Guus Hiddink managed Memphis Depay during his time in charge of Holland 1 Guus Hiddink believes Memphis Depay’s form is suffering because he is having to overcome the pressure of being one of Holland’s brightest prospects while adjusting to the demands of the Barclays Premier League.Manchester United spent £31million to recruit the talented forward from PSV Eindhoven in the summer when he was already a member of Hiddink’s Holland national team – but like so many in a United shirt this season he has struggled to make an impression under manager Louis van Gaal.Hiddink, who has since begun his second reign as Chelsea’s interim manager, may not even see Depay play on Monday when Chelsea visit Old Trafford.Depay was substituted at half-time in United’s 2-0 defeat at Stoke – but Hiddink has defended the forward’s “talent”, and says the solution to improving his form comes in patience and with the assistance of United’s more senior players.“He’s a very young guy,” said Hiddink, who oversaw a 2-2 draw with Watford in his first game back at Stamford Bridge.“When he was in Holland he was one of the star players, at a very young age.“There is a lack of star players in Holland who are playing already many years in their league so at a young age he was bombarded as one of the big talents.“He has this talent but he’s also now having a confrontation with the demands of the Premier League, which are much higher in intensity of the game during 90 minutes.“That’s a period all players, not just him, have to overcome, and I think they need time for that.“He has this talent, but he’s also giving interviews saying ‘hey, I have to get used to another way of playing, the intensity of the games every three days, plus the intensity of the game’. Those guys, they need a bit the cover of experienced players.”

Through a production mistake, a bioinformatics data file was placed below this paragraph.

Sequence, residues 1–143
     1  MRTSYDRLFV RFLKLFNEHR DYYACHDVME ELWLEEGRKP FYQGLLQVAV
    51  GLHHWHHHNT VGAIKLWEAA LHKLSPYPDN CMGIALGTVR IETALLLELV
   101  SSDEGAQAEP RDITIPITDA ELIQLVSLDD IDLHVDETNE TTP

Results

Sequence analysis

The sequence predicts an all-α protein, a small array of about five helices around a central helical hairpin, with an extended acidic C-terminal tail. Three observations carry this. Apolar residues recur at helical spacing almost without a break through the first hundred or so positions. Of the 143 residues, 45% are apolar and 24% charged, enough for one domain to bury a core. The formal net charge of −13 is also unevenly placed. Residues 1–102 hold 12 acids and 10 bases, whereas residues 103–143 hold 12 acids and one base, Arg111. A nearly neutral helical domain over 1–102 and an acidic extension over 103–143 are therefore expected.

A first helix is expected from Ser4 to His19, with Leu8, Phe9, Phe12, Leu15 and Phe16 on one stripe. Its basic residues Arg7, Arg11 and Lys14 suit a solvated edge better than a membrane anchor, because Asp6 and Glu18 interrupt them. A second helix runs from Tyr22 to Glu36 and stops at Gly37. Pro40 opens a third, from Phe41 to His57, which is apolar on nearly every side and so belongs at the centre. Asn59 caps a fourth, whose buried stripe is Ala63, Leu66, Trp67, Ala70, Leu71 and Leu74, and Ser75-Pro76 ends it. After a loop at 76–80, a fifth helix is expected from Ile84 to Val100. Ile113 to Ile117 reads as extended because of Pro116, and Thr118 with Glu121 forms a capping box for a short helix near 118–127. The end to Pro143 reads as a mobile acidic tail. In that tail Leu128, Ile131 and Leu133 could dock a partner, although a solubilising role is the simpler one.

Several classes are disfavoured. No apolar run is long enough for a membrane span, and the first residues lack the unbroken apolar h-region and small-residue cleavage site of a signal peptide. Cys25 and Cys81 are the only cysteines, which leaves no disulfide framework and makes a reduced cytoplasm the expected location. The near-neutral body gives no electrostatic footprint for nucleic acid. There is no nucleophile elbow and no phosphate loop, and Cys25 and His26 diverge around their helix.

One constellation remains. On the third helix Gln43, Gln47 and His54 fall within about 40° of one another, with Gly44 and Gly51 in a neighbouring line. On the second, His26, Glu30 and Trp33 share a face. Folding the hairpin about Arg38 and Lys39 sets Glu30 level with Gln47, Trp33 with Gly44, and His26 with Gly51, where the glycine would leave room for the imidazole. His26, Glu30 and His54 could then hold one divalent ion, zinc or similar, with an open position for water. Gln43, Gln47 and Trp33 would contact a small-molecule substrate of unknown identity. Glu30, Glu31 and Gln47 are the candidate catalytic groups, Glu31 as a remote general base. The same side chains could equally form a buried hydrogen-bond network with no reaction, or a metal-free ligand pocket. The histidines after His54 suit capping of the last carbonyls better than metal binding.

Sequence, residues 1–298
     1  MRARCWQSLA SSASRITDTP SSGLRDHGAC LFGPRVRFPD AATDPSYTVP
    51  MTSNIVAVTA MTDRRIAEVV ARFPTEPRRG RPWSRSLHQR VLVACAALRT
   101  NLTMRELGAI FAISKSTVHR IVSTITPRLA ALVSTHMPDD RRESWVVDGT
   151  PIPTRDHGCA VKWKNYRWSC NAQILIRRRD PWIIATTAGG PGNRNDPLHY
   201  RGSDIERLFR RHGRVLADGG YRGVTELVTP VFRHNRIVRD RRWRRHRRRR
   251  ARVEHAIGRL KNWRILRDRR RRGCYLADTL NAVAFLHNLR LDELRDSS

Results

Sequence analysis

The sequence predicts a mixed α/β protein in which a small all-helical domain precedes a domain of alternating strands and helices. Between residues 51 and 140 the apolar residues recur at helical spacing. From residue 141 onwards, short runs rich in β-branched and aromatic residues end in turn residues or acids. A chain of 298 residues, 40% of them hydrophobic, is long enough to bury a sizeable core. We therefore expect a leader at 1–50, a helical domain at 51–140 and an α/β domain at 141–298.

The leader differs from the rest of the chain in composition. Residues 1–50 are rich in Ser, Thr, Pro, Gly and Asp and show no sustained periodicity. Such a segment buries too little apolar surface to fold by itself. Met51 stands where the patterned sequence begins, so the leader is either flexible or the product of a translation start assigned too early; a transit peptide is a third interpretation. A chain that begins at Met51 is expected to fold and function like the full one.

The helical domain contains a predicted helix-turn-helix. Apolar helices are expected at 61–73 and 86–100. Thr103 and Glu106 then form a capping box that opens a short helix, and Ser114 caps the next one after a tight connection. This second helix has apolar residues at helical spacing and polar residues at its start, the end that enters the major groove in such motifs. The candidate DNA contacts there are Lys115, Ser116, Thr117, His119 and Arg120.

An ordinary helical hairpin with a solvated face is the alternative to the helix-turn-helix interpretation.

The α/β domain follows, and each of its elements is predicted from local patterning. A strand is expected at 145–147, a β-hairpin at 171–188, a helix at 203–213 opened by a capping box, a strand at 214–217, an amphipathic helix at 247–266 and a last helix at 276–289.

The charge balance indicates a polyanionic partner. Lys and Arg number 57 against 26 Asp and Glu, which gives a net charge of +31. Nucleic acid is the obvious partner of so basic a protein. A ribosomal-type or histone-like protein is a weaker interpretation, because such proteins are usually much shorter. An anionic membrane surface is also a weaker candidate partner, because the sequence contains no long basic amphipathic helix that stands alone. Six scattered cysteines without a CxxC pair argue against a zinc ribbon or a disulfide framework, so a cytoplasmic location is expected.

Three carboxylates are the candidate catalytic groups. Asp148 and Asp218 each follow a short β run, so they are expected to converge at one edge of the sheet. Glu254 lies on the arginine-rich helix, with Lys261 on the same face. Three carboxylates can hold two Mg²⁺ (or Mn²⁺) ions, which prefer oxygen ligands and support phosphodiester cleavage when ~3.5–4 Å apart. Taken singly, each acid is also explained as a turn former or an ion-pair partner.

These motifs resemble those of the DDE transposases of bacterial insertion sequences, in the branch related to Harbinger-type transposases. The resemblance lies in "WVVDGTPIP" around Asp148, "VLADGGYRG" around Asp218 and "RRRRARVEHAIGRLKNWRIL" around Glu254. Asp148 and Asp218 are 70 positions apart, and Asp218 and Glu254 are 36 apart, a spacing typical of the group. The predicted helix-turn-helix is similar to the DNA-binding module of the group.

Anthony Caceres Manchester City have made their first January signing with the capture of midfielder Anthony Caceres from Central Coast Mariners for an undisclosed fee.The Australian club announced on Friday morning that a fee had been agreed with City for the 23-year-old and a club spokesman confirmed the completion of the deal to Press Association Sport.Caceres is not seen as a player who could challenge for a first-team spot any time soon and he could well be loaned out.Mariners head coach Tony Walmsley signed Caceres in 2011, and he told the club website: “We need to celebrate when players at the Central Coast Mariners are sold to bigger clubs. It’s our charter. It’s our intent.“When I brought Anthony Caceres to the Mariners his potential was obvious.“This move demonstrates how far Anthony has progressed and symbolises how giving youth a chance works for both the Central Coast Mariners and young aspirational footballers.”An obvious destination for Caceres would be City’s A-League sister club Melbourne City.The league does not allow clubs to buy players from each other, but a loan from Manchester City would be allowed.Melbourne boss John van’t Schip was coy on any loan move, with the Dutchman quoted in the Australian press saying: “Manchester City is getting him in. More or less, that’s it.“We can’t comment on (a potential loan move) but of course everybody knows he’s a good player, he’s one of the better players in the A-League. So we’ll just have to see.” 1